There is a group that meets monthly at the largest local bookstore on island. The people who assemble come from all sorts of places with all sorts of accents and all sorts of ideas. We share our writings and speak our truths in poetry.
In the last session there was talk around A Gathering of Old Men. Quite the conversation starter, this little book of stories. I had a friend recite the poem of Theophilus Brown and the power of this timbre married to the spirit of that poem brought to life the warrior of the old Obi man sent back to Africa on the ninth night. From the performance came the discussion of ideas – the purpose of our gifts, the power of words, the feelings of victims, the obedience to the powers that be, the pointlessness of rebellion, and revolutions of history. The story of Salomé Ureña, the Dominican poet, was savoured. An Ecuadorian shared her story of three poets from her hometown who were responsible for the removal of a brutal despot. She quoted one of them saying “There is nothing harder than the softness of indifference.” (Juan Montalvo) A Jamaican spoke of the stigma attached to the black cat and the themes of racism in societies of the Caribbean today. A Barbadian distinguished the Jamaican story from the histories of the other islands. A young man asked “How do you see revolution?” and an answer was given “Authenticity – each of us is responsible for our own story, to be it truthfully and boldly”. Another answer was “Be the change you wish to see in your world.”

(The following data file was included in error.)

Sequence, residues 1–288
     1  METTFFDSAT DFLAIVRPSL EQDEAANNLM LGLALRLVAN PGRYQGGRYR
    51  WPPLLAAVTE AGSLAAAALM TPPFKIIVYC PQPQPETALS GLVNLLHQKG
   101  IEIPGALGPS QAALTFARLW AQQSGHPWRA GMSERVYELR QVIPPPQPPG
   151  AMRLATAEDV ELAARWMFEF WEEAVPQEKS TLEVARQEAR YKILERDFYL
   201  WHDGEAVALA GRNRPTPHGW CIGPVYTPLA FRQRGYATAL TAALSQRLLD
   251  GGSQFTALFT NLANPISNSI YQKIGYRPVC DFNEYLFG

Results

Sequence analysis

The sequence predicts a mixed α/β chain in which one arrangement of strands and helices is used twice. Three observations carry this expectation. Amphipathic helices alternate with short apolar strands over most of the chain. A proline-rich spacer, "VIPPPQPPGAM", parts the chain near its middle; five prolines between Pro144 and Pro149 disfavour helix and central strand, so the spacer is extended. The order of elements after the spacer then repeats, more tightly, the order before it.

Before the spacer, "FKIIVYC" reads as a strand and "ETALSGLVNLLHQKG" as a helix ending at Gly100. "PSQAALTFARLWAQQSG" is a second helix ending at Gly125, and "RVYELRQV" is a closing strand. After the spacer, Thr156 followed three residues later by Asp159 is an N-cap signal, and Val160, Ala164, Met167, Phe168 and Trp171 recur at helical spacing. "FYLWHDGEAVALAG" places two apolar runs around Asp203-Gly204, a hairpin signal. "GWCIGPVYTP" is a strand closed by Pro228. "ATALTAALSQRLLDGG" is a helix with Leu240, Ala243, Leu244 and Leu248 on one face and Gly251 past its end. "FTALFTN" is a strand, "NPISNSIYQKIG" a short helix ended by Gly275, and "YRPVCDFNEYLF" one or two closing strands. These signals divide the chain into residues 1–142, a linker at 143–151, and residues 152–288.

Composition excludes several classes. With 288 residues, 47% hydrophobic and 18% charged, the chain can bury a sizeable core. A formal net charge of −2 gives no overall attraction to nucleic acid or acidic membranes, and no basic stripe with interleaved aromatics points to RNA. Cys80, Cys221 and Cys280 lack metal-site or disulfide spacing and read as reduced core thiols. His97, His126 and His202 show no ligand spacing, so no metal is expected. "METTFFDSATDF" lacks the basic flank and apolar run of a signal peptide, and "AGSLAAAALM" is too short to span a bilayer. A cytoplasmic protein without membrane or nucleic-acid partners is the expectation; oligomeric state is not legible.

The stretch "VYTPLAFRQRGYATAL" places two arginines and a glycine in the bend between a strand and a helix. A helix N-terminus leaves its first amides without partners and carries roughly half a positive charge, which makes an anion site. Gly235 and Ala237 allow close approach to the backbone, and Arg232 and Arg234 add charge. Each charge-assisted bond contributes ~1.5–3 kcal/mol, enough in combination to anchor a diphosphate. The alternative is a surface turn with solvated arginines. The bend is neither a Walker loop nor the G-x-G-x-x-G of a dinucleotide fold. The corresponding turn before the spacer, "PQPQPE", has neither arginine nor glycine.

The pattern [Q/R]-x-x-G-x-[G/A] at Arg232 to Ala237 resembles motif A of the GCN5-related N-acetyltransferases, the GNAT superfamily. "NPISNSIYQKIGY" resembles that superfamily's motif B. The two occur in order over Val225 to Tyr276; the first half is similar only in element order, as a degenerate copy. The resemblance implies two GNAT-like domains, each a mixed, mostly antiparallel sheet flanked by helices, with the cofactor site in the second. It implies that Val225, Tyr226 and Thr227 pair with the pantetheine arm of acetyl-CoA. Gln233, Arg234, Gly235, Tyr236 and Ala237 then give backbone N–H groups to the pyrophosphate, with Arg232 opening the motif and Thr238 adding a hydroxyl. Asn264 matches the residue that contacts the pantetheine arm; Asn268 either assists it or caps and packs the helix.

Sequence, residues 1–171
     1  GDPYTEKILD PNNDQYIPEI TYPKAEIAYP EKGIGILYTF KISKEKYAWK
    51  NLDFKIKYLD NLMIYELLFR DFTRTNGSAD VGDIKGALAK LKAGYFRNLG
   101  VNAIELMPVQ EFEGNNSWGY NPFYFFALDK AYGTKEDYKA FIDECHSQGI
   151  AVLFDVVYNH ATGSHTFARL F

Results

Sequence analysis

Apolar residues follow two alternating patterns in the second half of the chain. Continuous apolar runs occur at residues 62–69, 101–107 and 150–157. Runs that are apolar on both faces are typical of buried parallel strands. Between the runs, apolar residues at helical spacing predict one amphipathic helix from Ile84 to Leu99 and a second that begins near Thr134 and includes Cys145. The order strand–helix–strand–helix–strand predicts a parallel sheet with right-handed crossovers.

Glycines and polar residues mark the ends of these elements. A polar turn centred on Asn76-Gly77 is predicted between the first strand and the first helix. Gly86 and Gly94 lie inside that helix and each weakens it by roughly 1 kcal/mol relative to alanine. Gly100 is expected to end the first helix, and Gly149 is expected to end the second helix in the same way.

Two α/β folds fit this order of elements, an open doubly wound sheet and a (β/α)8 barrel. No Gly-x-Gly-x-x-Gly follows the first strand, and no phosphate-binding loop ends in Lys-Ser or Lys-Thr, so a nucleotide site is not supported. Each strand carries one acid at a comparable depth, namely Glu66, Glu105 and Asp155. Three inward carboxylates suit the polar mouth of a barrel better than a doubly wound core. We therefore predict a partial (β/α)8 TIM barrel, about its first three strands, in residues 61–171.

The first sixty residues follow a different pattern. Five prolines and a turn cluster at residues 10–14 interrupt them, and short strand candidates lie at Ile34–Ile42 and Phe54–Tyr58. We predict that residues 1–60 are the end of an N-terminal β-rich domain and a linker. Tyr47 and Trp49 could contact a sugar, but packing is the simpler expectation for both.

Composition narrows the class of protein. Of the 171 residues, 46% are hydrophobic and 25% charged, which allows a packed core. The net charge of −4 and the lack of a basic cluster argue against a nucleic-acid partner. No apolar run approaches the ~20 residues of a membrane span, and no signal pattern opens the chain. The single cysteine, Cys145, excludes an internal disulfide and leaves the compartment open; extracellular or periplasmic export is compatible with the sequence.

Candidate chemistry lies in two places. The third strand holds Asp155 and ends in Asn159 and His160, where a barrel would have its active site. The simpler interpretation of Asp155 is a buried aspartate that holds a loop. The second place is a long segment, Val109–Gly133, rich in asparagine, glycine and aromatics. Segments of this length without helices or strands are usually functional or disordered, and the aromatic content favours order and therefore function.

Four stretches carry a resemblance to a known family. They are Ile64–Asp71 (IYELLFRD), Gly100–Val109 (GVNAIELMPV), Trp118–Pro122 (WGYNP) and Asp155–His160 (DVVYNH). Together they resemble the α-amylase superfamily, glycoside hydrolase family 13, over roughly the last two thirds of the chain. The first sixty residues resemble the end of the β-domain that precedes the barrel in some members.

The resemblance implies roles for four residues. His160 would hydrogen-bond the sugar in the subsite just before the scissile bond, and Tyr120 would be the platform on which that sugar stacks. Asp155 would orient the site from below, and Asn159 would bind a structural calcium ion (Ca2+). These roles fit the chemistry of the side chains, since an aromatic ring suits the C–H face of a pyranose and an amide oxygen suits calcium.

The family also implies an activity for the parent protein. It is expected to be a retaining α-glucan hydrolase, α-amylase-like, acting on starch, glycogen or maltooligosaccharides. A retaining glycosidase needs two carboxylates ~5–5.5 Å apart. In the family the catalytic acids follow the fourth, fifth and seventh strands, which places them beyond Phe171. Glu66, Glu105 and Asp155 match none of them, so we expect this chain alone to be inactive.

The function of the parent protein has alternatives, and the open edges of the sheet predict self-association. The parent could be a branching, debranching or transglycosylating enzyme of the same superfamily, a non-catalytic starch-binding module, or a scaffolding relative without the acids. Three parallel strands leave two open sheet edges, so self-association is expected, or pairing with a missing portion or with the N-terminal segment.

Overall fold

And it was decided. For the month of July, to remember the American 4th and the purpose of the poet, the Floetry theme will be Revolution.
As my fellow floets turn to the task of writing, there is some inspiration to be found in what has already been written. This is one of my new favourites.